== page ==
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Old Jul 18th, 2005, 05:05 AM
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Mincepie - there are some hotels you can check into without a credit card - but you really wouldn;t want to - most rent by the hour.
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Old Jul 18th, 2005, 07:16 PM
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Lei's see, as I recall the 19 Arab terrorists of 9/11 all had credit cards to thoroughly enjoy themselves here in the USA as they trained to kill us.

The two whack-jobs of the Oaklahoma bombing, Terry McNichols and his boyfriend also used credit cards to rent the truck they loaded with bombs.

The first attempt to blow up the WTC several years ago was by Arab terrorists using credit cards to rent a truck and then load it with explosives.

Meanwhile, thousands of law-abiding good citizens of the USA are not able to get credit cards because of some minor credit infractions and therefore cannot rent a car?

I know this is the American way but IT Really Does SUCK!
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Old Jul 18th, 2005, 08:04 PM
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If the card issuer thinks you:

- can pay the monthly minimum
- won't file for personal bankruptcy
- are not commiting fraud

they will give you a card. It's a competitive business and plenty of issuers will give you a card.

One just have to learn how to prove to the issuers you qualify for all three above.
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Old Jul 18th, 2005, 11:25 PM
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nytraveler....my husband would be pleased that I did not know that!!!
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Old Jul 18th, 2005, 11:33 PM
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Gene, that's some seriously screwed up logic. If any of the people you mentioned didn't pay their credit card bills or otherwise abused their credit privileges, their cards would have been canceled the exact same way yours or mine would. It's got nothing to do with what nationality someone is, or what heinous crimes they decide to commit after the fact.
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Old Jul 19th, 2005, 04:58 AM
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No one has their credit card taken away for a minor infraction. You have to essentially not pay for months before they will pull your cards. Even if you can make only partial payments - as long as you act in good faith - you can maintain a card.

And, in fact, anyone can get a credit card. If you have no credit to start with - but any means of paying - you can easily get a cash deposit card - you give Visa $500, they put it in an account - and as far as anyone is concerned it's a "credit" card. Once you have proven you can and will pay your bills (rent, utilities etc) Visa converts it ro a real credit card.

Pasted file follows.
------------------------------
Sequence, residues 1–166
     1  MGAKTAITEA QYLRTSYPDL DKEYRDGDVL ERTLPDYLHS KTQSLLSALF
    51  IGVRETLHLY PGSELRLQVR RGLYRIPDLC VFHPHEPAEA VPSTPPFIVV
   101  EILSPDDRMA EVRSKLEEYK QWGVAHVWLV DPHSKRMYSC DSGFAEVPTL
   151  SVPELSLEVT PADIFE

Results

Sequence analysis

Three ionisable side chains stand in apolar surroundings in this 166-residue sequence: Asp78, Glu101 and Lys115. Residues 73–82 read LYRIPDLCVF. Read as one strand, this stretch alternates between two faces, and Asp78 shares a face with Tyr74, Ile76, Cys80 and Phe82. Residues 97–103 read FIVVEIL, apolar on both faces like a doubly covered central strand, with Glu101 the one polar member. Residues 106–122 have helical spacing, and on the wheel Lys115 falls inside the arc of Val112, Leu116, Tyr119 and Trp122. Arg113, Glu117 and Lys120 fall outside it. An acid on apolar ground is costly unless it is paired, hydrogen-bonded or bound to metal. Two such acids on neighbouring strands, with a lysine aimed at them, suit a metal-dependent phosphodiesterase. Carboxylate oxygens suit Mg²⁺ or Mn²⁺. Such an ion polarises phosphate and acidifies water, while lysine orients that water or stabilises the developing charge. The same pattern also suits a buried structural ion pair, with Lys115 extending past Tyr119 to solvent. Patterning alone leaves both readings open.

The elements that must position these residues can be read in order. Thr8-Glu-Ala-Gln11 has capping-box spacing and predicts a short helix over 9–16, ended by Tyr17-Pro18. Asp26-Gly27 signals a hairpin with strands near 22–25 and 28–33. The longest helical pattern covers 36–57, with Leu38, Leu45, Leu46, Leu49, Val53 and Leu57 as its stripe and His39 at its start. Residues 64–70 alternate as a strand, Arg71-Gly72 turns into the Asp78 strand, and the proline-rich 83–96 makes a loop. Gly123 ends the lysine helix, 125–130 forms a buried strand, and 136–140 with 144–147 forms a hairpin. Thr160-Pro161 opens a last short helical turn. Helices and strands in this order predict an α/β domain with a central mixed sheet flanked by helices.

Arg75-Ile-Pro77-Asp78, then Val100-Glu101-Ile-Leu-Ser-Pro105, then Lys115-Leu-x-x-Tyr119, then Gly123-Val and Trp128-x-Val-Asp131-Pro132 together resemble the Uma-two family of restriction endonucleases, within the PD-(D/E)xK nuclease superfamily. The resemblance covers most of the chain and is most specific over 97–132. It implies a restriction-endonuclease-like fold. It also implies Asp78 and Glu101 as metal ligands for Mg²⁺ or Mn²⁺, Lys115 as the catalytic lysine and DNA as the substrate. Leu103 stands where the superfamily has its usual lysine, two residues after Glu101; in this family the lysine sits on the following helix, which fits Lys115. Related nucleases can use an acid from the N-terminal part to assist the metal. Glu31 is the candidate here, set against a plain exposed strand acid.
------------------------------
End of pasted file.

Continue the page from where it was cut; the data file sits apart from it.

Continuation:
(By the way - many credit card companies routinely give credit cards to students with no means to pay the bill - small limits naturally - and really high interest rates - to get them hooked.)

Anyone who can't hang onto a credit card must be grossly abusing the system - really just paying no bills at all, multiple bankruptcies etc.
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Old Jul 19th, 2005, 09:57 AM
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It is really easy to get a credit card in the US. This requirement has nothing whatsoever to do with terrorism, etc., it has to do with bare minimum financial responsibility and credit, that's all. Anyone who can't get a credit card in the US would have to be committing fraud, have absolutely no income, have a terrible credit rating due to not paying bills, things like that. In fact, even if you have virtually no income, you can probably get one.

So the reason many companies won't do business with giving a 20K piece of machinery to someone to drive away has to do with financial responsibility and criminal fraud reasons.
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Old Jul 19th, 2005, 10:44 AM
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I can't get over some of the responses. Car rental companies don't give a hoot what nationality you are or what your background is; all they want is some way to insure they will be paid and you will bring the vehicle back reasonably close to the appointed time, hence most require a credit card and a select few will allow a large cash deposit at time of rental. They are in business to make money so if their operating procedures inconvenience those people who do not have credit cards, who have poor credit, exceeded their credit limits or can not otherwise satisfy the deposit requirements, so be it. They are just protecting their assets and not making a blanket "political" statement about a person's trustworthiness or creditworthiness. Think about it, you wouldn't lend your car to a complete stranger (no matter how well healed he or she appeared) without having some assurances you'd get the car back in the same condition as it was when you lent it out - I'd dare say most of us wouldn't lend a car to a stranger period.